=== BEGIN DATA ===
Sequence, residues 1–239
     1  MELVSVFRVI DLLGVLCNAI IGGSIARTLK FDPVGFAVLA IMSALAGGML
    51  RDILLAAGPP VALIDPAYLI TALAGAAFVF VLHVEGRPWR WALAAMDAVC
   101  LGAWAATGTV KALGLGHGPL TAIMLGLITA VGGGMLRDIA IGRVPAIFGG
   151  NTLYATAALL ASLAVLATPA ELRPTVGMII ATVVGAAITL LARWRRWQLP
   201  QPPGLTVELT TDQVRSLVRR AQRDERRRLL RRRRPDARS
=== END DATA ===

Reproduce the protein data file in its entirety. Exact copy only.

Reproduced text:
Sequence, residues 1–239
     1  MELVSVFRVI DLLGVLCNAI IGGSIARTLK FDPVGFAVLA IMSALAGGML
    51  RDILLAAGPP VALIDPAYLI TALAGAAFVF VLHVEGRPWR WALAAMDAVC
   101  LGAWAATGTV KALGLGHGPL TAIMLGLITA VGGGMLRDIA IGRVPAIFGG
   151  NTLYATAALL ASLAVLATPA ELRPTVGMII ATVVGAAITL LARWRRWQLP
   201  QPPGLTVELT TDQVRSLVRR AQRDERRRLL RRRRPDARS